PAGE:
AVM was supplied by hypertrophied branches of the left anterior cerebral artery (ACA) at the level of A3-A4 segments. The shunt pattern in the left ACA, estimated with the help of transcranial Doppler, was characterized by increase of LBFV up to 100 cm/sec and decrease of the pulsation index up to 0.64. LBFV in the right ACA was within normal range (67 cm/sec); the pulsation index reduced (0.62). Cross-spectral analysis of spontaneous oscillations of SBP and LBFV demonstrated normal values of a phase shift in the range of M-waves in the right ACA (0.9±0.2 rad) and its considerable decrease (0.4±0.1 rad) in the left ACA, feeding AVM. According to the cuff test data, CAR speed in the right and left ACA was 16 %/sec and 5 %/sec, respectively. Superselective embolization of AVM was performed via the left ACA region. A microcatheter was introduced into the AVMs afferent vessel. A barbiturate test was negative. Blood flow in the afferent vessel was 420 ml/min; blood pressure reached 38 mm Hg, constituting 39% in SBP of 98 mm Hg. The afferent vessel was regarded as functionally ineloquent and embolization was made. Control angiography revealed subtotal exclusion of AVM from blood circulation. There was no augmentation of neurological symptoms.

Postoperative changes of the shunt pattern manifested themselves in LBFV reduction in the left ACA up to 51 cm/sec and increase of the pulsation index up to 0.75. Cross-spectral analysis showed, that a phase shift between oscillations of LBFV and SBP within the range of M-waves, watched on the AVM side, increased up to 0.7±0.2 rad. According to the results of a cuff test, CAR grew up to 18 %/sec. These findings allowed to speak of CAR improvement in the left ACA region after intravascular operation.

Thus, low functional eloquence of an afferent vessel can be diagnosed preoperatively on the basis of noninvasive estimation of CAR in a region of a vessel, feeding AVM.

High Functional Eloquence of an Afferent Vessel

(Fig.3) is a demonstration of the results, observed in a male patient with AVM of the left frontal lobe.

This AVM was fed by hypertrophied branches of the left ACA at the level of A segment. Preoperative TCD-examination showed, that a shunt pattern in the left ACA was characterized by increase of LBFV up to 96 cm/sec and reduction of the pulsation index up to 0.60. As for the right ACA, LBFV was normal (75 cm/sec) and the pulsation index was slightly reduced (0.75).

Cross-spectral analysis of spontaneous oscillations of SBP and LBFV was indicative of normal values of a phase shift within the range of M-waves in the right ACA (1.2±0.2 rad) and its moderate reduction in the left ACA (0.78±0.11 rad), supplying AVM. The results of a cuff test demonstrated, that CAR speed in the right and left ACA was 37 %/sec and 21 %/sec, respectively.

Endovascular intervention, performed under conditions of sedation-analgesia, was not accompanied by considerable changes of LBFV and the pulsation index. A barbiturate test was negative. Blood flow in the afferent vessel was 400 ml/min. Blood pressure in it was 53 mm Hg, constituting more than 54 % in SPB of 97 mm Hg. Decision on embolization of the AVMs compartment was based on estimation of functional eloquence of the afferent vessel (a negative barbiturate test). The patient developed motor aphasia and severe right-side hemiparesis some minutes after embolization. They demanded long-term restorative treatment.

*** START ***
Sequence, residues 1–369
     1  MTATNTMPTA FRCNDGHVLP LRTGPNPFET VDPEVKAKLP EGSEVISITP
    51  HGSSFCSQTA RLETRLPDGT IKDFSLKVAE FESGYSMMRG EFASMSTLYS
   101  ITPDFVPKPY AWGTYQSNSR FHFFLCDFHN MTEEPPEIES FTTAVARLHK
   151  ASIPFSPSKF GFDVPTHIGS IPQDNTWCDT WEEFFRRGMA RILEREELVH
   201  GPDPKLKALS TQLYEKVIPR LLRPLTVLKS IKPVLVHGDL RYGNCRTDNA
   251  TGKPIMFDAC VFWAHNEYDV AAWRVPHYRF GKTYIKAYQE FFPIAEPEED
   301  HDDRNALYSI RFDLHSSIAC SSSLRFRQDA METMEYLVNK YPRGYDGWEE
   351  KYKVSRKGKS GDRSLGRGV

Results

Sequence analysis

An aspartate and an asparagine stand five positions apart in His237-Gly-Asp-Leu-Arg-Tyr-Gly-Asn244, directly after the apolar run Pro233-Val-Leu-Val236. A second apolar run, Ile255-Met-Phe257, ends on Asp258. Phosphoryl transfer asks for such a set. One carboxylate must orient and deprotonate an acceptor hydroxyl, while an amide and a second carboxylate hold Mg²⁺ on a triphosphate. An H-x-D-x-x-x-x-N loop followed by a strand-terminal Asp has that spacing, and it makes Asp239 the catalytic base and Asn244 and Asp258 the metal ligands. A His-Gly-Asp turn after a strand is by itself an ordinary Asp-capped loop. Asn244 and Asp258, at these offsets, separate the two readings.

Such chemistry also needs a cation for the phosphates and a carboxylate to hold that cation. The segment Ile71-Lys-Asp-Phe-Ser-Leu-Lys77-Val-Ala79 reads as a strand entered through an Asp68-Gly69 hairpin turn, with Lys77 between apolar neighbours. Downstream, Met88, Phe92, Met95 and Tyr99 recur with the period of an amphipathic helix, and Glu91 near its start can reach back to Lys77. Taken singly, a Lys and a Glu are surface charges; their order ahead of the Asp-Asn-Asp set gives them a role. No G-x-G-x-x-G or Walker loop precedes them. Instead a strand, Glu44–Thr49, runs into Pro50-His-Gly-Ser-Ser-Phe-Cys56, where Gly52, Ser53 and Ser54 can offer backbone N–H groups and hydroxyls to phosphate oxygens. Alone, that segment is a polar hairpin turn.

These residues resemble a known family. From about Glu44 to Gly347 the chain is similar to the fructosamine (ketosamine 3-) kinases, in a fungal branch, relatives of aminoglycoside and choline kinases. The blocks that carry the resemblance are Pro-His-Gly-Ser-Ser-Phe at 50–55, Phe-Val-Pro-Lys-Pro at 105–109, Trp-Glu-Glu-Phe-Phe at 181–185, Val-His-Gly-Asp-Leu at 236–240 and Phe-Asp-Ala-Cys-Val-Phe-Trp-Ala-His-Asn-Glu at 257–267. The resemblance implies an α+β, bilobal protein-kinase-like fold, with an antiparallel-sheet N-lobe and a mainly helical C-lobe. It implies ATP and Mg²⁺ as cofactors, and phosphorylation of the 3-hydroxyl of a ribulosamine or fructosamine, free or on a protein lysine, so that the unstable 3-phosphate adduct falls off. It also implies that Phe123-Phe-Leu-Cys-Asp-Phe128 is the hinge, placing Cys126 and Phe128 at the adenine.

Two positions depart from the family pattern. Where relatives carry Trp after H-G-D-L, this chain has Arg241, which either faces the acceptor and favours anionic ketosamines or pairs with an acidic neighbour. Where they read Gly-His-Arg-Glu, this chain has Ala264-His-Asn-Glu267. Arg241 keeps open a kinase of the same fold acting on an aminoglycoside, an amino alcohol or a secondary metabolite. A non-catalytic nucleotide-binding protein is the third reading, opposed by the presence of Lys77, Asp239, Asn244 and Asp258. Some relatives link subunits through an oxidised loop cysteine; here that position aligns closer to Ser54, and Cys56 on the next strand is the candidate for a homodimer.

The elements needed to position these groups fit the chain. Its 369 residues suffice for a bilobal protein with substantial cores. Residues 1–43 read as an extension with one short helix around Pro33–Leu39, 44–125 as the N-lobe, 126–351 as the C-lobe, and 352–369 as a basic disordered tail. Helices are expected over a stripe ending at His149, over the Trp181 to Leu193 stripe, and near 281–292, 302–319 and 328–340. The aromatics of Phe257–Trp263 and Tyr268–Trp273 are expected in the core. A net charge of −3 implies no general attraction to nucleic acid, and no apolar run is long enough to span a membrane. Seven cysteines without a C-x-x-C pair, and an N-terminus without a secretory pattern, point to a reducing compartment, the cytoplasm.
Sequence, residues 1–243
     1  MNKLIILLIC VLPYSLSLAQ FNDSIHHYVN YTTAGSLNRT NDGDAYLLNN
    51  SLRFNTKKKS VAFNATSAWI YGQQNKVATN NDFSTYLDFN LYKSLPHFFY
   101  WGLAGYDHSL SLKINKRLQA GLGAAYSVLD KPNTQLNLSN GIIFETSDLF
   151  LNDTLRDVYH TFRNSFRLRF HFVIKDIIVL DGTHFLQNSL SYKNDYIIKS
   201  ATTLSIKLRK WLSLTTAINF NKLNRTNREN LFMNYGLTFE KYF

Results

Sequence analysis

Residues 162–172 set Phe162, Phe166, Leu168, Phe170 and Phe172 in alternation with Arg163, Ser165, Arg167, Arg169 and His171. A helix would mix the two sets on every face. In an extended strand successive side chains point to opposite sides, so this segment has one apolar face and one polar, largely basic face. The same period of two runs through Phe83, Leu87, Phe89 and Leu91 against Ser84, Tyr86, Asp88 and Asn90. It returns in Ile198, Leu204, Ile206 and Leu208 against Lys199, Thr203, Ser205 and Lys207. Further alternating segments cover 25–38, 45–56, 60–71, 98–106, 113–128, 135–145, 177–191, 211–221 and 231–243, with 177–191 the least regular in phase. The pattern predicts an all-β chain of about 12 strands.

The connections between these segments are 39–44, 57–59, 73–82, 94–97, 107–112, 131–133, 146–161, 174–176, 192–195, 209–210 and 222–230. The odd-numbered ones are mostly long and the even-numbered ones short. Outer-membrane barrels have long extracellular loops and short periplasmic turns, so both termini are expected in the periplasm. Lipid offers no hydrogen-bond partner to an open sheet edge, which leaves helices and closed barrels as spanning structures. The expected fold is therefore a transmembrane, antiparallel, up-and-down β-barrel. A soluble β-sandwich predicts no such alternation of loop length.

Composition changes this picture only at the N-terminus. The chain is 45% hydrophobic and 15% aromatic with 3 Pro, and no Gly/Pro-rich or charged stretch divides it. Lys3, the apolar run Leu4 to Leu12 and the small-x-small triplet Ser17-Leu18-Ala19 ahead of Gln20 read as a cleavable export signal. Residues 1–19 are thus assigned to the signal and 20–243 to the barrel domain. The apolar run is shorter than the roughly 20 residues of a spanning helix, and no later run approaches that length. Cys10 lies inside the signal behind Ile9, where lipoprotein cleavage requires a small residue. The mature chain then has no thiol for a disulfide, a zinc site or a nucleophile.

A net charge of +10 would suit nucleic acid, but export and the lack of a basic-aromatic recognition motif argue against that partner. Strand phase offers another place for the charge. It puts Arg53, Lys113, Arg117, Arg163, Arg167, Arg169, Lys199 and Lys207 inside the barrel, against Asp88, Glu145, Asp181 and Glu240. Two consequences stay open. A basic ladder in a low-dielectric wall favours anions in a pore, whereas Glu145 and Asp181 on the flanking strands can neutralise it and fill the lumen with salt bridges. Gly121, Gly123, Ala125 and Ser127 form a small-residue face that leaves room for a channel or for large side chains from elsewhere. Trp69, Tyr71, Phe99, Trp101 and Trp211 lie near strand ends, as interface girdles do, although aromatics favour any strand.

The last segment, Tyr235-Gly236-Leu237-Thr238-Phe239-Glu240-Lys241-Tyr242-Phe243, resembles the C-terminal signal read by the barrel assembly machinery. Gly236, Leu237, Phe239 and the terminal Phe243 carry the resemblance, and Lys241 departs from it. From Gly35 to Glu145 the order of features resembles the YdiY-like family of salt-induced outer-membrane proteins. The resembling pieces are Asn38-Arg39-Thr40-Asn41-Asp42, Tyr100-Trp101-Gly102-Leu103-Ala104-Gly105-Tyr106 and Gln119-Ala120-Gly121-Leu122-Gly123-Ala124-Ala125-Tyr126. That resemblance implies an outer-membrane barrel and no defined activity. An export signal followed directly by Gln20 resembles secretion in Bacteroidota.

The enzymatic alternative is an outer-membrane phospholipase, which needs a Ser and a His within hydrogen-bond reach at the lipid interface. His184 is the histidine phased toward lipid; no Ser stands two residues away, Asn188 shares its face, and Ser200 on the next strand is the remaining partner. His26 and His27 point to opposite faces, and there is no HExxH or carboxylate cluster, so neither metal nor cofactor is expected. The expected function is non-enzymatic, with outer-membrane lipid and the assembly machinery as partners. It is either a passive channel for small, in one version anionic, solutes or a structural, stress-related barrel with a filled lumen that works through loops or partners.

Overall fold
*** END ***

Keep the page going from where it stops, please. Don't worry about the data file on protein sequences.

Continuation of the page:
The postoperative shunt pattern was characterized by reduction of LBFV up to 56 cm/s and increase of the pulsation index up to 0.75. Cross-spectral analysis revealed reduction of a phase shift between oscillations of LBFV and SBP within the range of M-waves (0.75±0.18 rad) on the AVM side; the results of a cuff test showed decrease of CAR speed up to 19 %/sec. It was indicative of a smaller speed of CAR, which was probably caused by worsening of brain perfusion in the areas, adjacent to AVM, after embolization of its compartment.

Thus, high functional eloquence of the AVMs afferent vessel was diagnosed with the help of noninvasive preoperative estimation of its CAR speed. As for a barbiturate test, it turned out to be false-negative.

(Fig.4) illustrates the results, observed in a female patient with AVM of subcortical ganglia of the left temporal lobe.

AVM was fed by hypertrophied branches of the left MCA at the level of M2-M3 segments. Preoperative TCD-examination demonstrated, that a shunt pattern in the left MCA was characterized by reduction of the pulsation index up to 0.56 and a normal value of LBFV (78 cm/sec). LBFV in the right MCA was within normal range too (52 cm/sec). The pulsation index reduced up to 0.72.

Cross-spectral analysis of spontaneous oscillations of SBP and LBFV within the range of M-waves demonstrated normal values of a phase shift in the right MCA (1.1±0.1 rad) and its moderate reduction in the lest MCA (0.7±0.1 rad), feeding AVM. Just as in the previous example, it was a sign of high functional eloquence of the AVMs afferent vessel. According to the results of a cuff test (4-4) CAR speed in the right and left MCA was 30 %/sec and 12 %/sec, respectively.